It is found that the data extracted through ex-situ tests under different stress fields and damage scenarios for the multilayer approach is quite effective on promoting crack growth resistance mechanisms; thus, damage tolerance is clearly enhanced, as compared to the one exhibited by the single layer ones.
H2-1-4 Fracture Behaviour and Internal Stress Gradients in GaN Heterostructures Studied by FIB Techniques
Michael Reisinger (Montanuniversität Leoben, Austria); Michael Meindlhumer (Erich Schmid Institute of Materials Science, Austrian Academy of Sciences, Austria); Manuel Tomberger (Infineon Technologies Austria AG, Austria); Johannes Zechner (KAI Kompetenzzentrum Automobil- u. Industrieelektronik GmbH, Austria); Bernard Sartory (Materials Center Leoben Forschung GmbH, Austria); Jozef Keckes (Montanuniversität Leoben, Austria)
Heteroepitaxial microelectronic structures possess usually a complex sandwich morphology which is designed to fulfil not only electronic requirements but must be also mechanically optimized. The heterostructures should exhibit negligible overall residual stresses in order to avoid substrate curvature and guarantee mechanical stability.
In this contribution, we have studied the fracture behaviour of 1.7µm thick AlxGa1-xN sandwich heterostructures grown by metalorganic chemical vapour deposition (MOCVD) on a Si (111) substrate. Unnotched and notched microcantilevers with dimensions of 2x2x9µm3 were machined using focused-ion beam technique and controllably loaded using Hysitron PI85 indenter in scanning electron microscope. In displacement-controlled experiments, bending force and the deflection were recorded until fracture. Experimental data were used to evaluate Young’s moduli, fracture stresses and fracture toughness as a function of heterostructure morphology and deposition conditions. The results indicated that the fracture behaviour and especially the morphology of fracture surfaces correlate well with stress concentrations in the individual sublayers, which were characterized using Ion Beam Layer Removal Method (ILR) in as-deposited heterostructures.
The approach opens the way to assess mechanical behaviour of heteroepitaxial structures with sub-micron resolution and optimize residual stress depth-profile as well as stack morphology by tuning deposition process parameters.
H2-1-5 In Situ High-Temperature Small-Scale Fracture Mechanics of Hard Ceramic Coatings
James Best (Empa, Swiss Federal Laboratories for Materials Science and Technology, Switzerland); Johannes Zechner (KAI – Kompetenzzentrum Automobil- und Industrieelektronik GmbH, Austria); Juri Wehrs, Rachel Schoeppner (Empa, Swiss Federal Laboratories for Materials Science and Technology, Switzerland); Marcus Morstein (PLATIT AG, Advanced Coating Systems, Switzerland); Johann Michler (Empa, Swiss Federal Laboratories for Materials Science and Technology, Switzerland)
Forging and cutting tools for high-temperature applications are often protected using hard nanostructured ceramic coatings. While a moderate amount of knowledge exists for material properties at room temperatures, significantly less is known about the system constituents at the elevated temperatures generated during service. For rational engineering design of such systems, it is therefore important to have methodologies for testing these materials to understand their properties under such conditions. Additionally, small-scale mechanical testing is of inherent importance for thin-films systems.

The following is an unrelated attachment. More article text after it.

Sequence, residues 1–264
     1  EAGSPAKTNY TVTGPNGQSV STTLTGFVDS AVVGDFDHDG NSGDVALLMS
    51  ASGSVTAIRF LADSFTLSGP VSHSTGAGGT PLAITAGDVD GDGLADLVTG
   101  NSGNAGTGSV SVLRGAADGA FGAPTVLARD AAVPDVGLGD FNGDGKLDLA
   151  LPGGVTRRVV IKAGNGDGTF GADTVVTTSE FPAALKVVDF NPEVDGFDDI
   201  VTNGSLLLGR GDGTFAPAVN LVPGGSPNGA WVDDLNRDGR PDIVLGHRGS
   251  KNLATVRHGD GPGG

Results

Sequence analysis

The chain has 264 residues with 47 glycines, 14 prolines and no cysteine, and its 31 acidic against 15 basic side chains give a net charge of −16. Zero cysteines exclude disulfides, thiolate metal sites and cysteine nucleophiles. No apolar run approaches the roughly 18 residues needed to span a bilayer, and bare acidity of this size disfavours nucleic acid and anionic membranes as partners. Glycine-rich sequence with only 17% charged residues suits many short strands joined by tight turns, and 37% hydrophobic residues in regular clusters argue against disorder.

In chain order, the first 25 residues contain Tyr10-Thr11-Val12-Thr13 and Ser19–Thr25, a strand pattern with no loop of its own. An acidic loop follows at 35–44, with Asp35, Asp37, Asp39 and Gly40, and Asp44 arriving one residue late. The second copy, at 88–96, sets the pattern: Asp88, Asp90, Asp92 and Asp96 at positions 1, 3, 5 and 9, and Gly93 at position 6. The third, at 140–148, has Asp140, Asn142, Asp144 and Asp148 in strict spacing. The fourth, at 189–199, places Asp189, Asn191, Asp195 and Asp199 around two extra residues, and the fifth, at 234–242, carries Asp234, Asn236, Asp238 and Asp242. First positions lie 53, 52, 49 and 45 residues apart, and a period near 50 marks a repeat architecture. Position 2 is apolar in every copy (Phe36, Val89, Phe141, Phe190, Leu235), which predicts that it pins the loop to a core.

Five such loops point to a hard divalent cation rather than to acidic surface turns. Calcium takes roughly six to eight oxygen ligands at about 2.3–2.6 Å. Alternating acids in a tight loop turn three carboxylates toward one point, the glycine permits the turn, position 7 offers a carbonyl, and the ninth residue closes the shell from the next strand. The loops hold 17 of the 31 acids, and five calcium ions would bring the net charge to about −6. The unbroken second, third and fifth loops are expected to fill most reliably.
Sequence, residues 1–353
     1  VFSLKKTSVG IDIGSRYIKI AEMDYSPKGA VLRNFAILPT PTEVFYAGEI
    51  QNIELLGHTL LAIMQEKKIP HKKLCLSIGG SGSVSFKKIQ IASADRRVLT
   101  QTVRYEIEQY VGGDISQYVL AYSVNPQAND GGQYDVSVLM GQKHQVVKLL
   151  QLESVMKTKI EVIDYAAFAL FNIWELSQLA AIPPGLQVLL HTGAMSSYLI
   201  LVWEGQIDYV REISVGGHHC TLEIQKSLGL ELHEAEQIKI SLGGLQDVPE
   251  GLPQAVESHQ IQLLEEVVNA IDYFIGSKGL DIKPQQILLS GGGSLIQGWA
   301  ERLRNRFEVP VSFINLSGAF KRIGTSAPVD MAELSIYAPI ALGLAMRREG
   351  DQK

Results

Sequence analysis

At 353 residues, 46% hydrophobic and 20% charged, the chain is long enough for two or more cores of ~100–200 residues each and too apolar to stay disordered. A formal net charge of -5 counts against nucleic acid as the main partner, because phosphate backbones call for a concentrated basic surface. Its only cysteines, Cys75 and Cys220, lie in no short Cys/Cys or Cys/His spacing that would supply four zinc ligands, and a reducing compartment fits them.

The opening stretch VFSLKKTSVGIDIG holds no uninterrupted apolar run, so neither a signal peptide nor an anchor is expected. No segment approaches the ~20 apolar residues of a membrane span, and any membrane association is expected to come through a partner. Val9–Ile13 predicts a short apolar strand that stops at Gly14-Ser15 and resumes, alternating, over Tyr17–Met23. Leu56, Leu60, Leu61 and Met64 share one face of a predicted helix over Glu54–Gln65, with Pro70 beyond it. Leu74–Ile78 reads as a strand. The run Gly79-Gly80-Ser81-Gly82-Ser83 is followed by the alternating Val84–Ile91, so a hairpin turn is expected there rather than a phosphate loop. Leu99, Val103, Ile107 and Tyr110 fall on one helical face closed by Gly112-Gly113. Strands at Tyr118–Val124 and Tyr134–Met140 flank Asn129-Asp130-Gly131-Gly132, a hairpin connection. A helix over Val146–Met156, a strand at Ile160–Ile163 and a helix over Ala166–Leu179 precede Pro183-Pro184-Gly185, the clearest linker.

In this work, we present results on the fracture toughness evaluation of hard ceramic coatings using in situ micro-mechanical measurements at testing temperatures up to 500 °C. The fracture toughness behavior of a model hard CrN coating was first investigated using various micro-geometries and notching parameters. Toughness measurements at high temperatures highlighted the profound effect of the notching ion during small-scale fracture measurements. It was found that gallium ion implantation led to significant toughening of CrN, based on gallium dosage experiments and alternative notching using both xenon and helium sources. The effect of different notching ions was additionally understood through Monte Carlo simulations of energetic ion interactions in a dense ceramic matrix.We then applied an optimized fracture toughness methodology to other AlCrN-based ceramic coatings, and additionally tested these at high temperatures. Toughness results were put into context through microstructural analysis using x-ray diffraction and high-resolution scanning electron microscopy. Such measurements are highly valuable for understanding the effects of geometry, notching parameters, and chemical composition on the toughness of thin ceramic films.
H2-1-6 Direct Comparison between High Temperature Nanoindentation Creep and Uniaxial Creep Measurements
P.Sudharshan Phani, Kurt Johanns, John Swindeman (Nanomechanics, Inc., USA); Robert Swindeman (Chromtech, Inc., USA); Warren Oliver (Nanomechanics, Inc., USA)